The benefits of inclusive education for children with disabilities

The United Nations Convention on the Rights of Persons with Disabilities (CRPD) specifies that “States shall take all necessary measures to ensure the full enjoyment by children with disabilities of all human rights and fundamental freedoms on an equal basis with other children”, and “ensure an inclusive education system at all levels and lifelong learning” (articles 7 and 24). Handi-Capable agrees with the United Nations and would like to see implementation of these promises.  Action, not just words!

In the case of children with Cerebral Palsy (CP) inclusive education poses multiple challenges. The intellectual abilities of individuals with CP can vary significantly, depending on the type of CP and their associated conditions. Some children may be unaffected intellectually but face physical difficulties which impact their integration in the classroom, while others will have mild or significant intellectual impairment that may require a full adaptation of the curriculum, together with the use of specialized communication strategies (e.g. easy-to-read content). In addition, children with CP need daily physical therapy services that are often provided in the context of their learning environment, thus significantly limiting the total amount of time they devote to learning activities.

These challenges naturally stop many countries and governments from providing inclusive education and instead provide specialized schools or institutions for the special needs population. However, we think that the benefits of inclusive education far outweigh the challenges both socially and economically.

In order to prove our point, Handi-Capable in cooperation with the Department of Translation Technology from the University of Geneva, is initiating a joint research project proposal investigating specialized schools versus inclusive schools from multiple angles. In doing so, we would compare the main inclusive school system offered to children with handicaps in different parts of the world (USA, Swiss, Norway and others) vs the specialized school system. Our assumption is that it will show these benefits, by using qualitative and quantitative methods.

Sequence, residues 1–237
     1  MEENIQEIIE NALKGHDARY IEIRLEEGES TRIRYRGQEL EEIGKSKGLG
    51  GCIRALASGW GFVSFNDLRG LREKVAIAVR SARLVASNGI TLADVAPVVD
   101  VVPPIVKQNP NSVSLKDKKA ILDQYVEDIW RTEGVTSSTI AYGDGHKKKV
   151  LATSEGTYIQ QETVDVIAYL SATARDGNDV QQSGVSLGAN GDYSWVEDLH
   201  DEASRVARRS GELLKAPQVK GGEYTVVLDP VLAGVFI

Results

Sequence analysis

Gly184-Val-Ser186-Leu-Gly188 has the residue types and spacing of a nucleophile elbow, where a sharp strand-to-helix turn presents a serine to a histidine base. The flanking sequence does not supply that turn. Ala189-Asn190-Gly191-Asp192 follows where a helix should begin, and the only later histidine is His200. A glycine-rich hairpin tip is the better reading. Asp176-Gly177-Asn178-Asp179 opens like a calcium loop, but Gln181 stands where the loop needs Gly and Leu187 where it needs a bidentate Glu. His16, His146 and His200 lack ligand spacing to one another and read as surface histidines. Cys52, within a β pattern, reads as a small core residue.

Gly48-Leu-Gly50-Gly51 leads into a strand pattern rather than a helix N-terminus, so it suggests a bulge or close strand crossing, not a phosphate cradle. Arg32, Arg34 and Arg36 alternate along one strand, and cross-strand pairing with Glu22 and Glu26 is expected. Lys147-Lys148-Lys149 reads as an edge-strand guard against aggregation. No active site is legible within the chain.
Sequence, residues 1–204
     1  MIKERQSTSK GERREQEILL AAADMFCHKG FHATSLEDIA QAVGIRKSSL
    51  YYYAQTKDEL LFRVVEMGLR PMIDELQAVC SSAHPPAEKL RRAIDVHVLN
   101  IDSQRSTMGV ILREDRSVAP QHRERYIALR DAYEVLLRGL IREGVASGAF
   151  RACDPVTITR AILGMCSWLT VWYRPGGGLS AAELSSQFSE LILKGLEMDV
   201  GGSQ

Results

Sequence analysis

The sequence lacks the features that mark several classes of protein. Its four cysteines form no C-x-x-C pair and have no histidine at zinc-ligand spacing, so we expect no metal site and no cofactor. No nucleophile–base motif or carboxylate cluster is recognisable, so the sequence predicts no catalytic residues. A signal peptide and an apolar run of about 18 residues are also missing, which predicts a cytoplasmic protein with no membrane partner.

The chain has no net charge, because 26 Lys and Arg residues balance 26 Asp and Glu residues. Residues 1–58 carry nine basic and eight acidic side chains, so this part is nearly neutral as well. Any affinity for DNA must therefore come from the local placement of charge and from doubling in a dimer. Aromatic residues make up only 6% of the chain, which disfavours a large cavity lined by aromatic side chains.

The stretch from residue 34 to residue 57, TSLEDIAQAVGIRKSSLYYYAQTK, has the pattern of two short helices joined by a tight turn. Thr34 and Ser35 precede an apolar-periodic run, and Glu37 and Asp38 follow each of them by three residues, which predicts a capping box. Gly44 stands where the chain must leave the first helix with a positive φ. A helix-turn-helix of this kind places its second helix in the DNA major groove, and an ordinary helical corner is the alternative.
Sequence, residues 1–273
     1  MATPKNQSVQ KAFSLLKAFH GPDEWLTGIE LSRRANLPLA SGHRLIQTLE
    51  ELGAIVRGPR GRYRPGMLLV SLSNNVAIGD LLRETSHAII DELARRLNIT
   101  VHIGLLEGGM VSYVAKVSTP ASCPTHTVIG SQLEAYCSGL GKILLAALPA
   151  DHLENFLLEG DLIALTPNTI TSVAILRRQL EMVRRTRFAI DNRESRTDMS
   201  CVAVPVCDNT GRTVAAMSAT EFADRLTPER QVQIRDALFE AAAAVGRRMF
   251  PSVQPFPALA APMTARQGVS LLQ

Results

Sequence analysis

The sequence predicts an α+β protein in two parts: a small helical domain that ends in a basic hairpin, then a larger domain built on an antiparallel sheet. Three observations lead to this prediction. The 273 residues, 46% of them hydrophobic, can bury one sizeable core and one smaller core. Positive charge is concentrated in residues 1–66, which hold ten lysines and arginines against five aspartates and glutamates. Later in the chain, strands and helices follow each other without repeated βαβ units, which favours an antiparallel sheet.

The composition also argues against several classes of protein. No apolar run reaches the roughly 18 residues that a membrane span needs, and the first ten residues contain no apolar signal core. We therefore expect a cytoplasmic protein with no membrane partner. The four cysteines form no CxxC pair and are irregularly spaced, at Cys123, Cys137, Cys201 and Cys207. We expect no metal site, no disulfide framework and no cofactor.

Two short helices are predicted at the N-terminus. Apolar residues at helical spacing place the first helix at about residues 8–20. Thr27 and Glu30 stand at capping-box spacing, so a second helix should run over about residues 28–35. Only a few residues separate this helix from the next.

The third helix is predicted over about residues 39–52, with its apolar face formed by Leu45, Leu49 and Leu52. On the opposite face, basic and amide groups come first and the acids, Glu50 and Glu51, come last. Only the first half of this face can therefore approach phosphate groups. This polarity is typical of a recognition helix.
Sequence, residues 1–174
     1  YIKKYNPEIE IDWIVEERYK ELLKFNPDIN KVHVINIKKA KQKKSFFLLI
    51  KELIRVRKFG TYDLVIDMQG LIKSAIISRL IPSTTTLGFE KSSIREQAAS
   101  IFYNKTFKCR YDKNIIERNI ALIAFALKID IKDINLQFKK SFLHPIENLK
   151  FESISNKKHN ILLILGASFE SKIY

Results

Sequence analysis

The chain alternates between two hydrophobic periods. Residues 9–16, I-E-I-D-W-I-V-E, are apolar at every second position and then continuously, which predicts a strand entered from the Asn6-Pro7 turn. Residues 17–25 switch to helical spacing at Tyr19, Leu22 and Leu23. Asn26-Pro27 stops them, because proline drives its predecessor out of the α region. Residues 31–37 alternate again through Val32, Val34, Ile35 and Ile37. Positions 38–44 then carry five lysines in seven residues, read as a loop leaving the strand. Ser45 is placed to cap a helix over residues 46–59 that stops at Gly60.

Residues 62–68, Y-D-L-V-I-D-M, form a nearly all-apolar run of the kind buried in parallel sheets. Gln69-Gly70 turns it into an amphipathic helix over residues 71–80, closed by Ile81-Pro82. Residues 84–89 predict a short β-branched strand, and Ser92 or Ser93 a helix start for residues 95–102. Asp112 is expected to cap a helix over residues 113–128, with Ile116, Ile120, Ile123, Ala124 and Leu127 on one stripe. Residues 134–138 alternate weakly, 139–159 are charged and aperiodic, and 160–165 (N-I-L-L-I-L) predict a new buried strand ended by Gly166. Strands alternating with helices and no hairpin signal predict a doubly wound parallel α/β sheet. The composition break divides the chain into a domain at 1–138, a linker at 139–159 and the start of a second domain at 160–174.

We expect, too, that the research-based evidence collected will serve to advocate for a new set of methods and best practices to be followed which will in turn lead to cutting-edge breakthroughs in education and, eventually, increased employment opportunities for people with CP. This new guidance will cover, among others, evidence-based recommendations related to the selection of subjects and learning materials, the use of technology and time allocation suggestions.

This research project will not only allow us to develop new educational practices and resources, but it will also shed light on the needs and challenges of the CP community. It shows a vast potential in terms of social impact, both in the short and long term, and can have a direct effect on the quality of life of young individuals with CP, their integration in our society and their ability to be financially self-supporting. It is expected that the outcome of the project will contribute to the definition and implementation of more effective educational programs for children with CP and clearer career development paths for the young adults that they will one day become.

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